US House of Representatives Approve Texas Tribal Gaming Measure
The US House of Representatives has unanimously approved a measure that if eventually becomes law, affirms the rights of two Texas-based tribal nations to operate Class II gaming facilities within the state.
The two tribal nations, the Ysleta Del Sur Pueblo and Alabama-Coushatta tribes, have been engaged in long battles with the state of Texas over the right to operate gaming facilities. The Ysleta Del Sur Pueblo, also known as the Tiguas, attempted to open a casino near El Paso in west Texas in 1993, only to have it forcibly shut down by state authorities. The Ysleta Del Sur Pueblos, with the backing of the US Department of the Interior, has pursued its claimed rights in legal and legislative venues ever since.
The Alabama-Coushatta nation has operated a venue near Livingston since 2016, but that has come under state-level attack as well. The Alabama-Coushattas have been fined $10,000 daily — which they’ve declined to pay — for an aggregate fine approaching $10 million.
The bill unanimously approved by the US House, H.R. 759, titled “The Ysleta del Sur Pueblo and Alabama-Coushatta Tribes of Texas Equal and Fair Opportunity Settlement Act,” would approve only bingo as a Class II game offering. The bill was sponsored by Texas US Representatives Will Hurd and Brian Babin, and with its House passage now moves on to US Senate consideration.
Michael Silvas, Governor of the Ysleta Del Sur Pueblo, said, “The people of the Ysleta Del Sur Pueblo are grateful to Congressman Hurd for his commitment to our rights for sovereignty and self determination. We are proud to be an economic engine for El Paso, and we thank Congressman Hurd for his hard work to allow us to continue to support our community.”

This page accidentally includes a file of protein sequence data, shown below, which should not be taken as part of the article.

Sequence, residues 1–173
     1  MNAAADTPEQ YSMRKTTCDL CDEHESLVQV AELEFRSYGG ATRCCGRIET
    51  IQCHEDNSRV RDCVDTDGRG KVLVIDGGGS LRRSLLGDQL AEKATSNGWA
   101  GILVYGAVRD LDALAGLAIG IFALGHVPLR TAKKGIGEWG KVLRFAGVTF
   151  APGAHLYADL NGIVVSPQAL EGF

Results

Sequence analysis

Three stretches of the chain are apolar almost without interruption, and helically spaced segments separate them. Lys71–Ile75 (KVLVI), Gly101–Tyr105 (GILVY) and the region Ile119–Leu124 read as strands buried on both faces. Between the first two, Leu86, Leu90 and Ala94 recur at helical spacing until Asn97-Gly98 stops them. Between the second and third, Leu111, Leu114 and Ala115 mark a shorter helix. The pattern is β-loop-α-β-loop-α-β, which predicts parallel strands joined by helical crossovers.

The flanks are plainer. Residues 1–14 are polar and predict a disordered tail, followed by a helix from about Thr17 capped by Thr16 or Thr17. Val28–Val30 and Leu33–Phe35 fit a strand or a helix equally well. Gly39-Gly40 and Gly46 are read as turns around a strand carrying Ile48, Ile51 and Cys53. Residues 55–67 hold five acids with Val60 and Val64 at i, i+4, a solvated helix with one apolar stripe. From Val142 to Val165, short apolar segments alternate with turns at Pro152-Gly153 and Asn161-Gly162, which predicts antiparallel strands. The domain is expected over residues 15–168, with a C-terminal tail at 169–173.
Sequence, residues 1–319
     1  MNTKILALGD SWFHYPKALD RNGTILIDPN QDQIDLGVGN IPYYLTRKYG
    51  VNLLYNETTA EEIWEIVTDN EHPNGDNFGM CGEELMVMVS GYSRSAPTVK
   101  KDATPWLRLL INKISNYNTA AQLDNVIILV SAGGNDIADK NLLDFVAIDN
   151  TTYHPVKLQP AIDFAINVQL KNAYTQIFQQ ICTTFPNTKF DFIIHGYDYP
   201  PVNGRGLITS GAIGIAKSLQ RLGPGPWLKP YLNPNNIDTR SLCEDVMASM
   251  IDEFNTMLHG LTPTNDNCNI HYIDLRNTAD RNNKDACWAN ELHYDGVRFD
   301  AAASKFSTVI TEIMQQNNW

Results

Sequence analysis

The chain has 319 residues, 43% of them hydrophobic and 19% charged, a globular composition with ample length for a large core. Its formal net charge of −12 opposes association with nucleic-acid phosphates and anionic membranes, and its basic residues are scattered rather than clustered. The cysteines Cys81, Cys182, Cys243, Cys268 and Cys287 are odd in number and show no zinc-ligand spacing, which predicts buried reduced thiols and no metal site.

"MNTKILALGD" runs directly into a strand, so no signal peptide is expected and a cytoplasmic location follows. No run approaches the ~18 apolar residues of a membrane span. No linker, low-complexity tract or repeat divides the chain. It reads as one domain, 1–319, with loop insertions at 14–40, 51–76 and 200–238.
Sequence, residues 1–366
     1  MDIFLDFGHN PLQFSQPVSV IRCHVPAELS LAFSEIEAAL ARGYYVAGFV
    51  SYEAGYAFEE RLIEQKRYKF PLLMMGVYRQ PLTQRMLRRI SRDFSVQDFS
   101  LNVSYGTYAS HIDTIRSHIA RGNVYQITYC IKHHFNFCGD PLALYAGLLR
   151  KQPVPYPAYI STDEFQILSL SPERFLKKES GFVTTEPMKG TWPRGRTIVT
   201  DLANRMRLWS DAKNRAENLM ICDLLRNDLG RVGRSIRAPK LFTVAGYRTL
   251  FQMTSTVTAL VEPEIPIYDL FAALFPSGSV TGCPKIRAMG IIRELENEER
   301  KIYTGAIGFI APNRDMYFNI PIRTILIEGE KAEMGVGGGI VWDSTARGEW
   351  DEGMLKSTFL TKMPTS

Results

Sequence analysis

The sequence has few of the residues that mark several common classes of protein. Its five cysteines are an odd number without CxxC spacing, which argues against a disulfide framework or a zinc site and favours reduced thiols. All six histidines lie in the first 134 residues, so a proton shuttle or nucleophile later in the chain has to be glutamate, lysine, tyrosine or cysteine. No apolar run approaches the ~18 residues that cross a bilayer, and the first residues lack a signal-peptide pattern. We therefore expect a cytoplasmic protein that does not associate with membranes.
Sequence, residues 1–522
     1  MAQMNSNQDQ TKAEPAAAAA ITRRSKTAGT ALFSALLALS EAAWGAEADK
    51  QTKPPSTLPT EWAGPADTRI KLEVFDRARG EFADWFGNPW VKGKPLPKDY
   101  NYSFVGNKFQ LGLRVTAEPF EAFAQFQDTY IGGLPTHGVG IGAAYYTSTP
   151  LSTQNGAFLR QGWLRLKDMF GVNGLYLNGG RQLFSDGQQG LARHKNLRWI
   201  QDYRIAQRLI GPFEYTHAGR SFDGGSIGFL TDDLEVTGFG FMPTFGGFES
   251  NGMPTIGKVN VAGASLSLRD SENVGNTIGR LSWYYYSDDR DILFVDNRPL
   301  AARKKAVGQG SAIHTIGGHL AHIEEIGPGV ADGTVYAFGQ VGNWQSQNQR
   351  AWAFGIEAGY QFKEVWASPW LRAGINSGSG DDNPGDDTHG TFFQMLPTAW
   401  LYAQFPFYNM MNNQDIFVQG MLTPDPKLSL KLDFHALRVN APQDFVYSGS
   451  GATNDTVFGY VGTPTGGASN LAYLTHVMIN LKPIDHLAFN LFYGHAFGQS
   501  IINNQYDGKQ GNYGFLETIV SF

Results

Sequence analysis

Cecelia Flores, the Tribal Council Chairwoman for the Alabama-Coushatta Tribe of Texas, said, “I am pleased House Resolution 759 unanimously passed the United States House of Representatives. This would not have happened without the steadfast leadership provided by both Congressmen Brian Babin and Will Hurd, whose tireless efforts made it possible.”
Rep. Hurd also issued a statement noting his bill’s approval, and in remarks before the unanimous vote, offered the following:
H.R. 759 is not about whether one agrees or disagrees with gambling. This bill isn’t about gambling. It’s about letting two tribes in two of Texas’ most economically distressed zones engage in what every other tribe in America engages in.
This bill would allow these two tribes in Texas to do bingo. That’s it. Not blackjack. Not poker. Not Craps. Just Bingo.
For too long, the Alabama Coushatta and Tigua tribes have been prevented from achieving self-sufficiency. It is time we right this wrong.
Though the bill technically would grant Class II gaming rights to just the two specified Texas tribes, the likelihood is that if passed, many more Texas-based tribal nations would seek to open Class II gaming facilities. Texas remains one of the most anti-gambling of all US states, with publicly available options limited to a couple of facilities such as that Alabama-Coushatta’s, along with a handful of semi-private poker rooms that have themselves been subject to ongoing enforcement actions. Several poker-legalization bills, including one for electronic poker tables, have been introduced in Texas in previous years, but none have made a serious run at becoming law.
Texas has no true casinos offering slot machines or traditional table games, though each day, tens of thousands of Texas gamblers can be found at casino venues in neighboring states. A legislative fight for such casinos in the state likely remains several years down the road.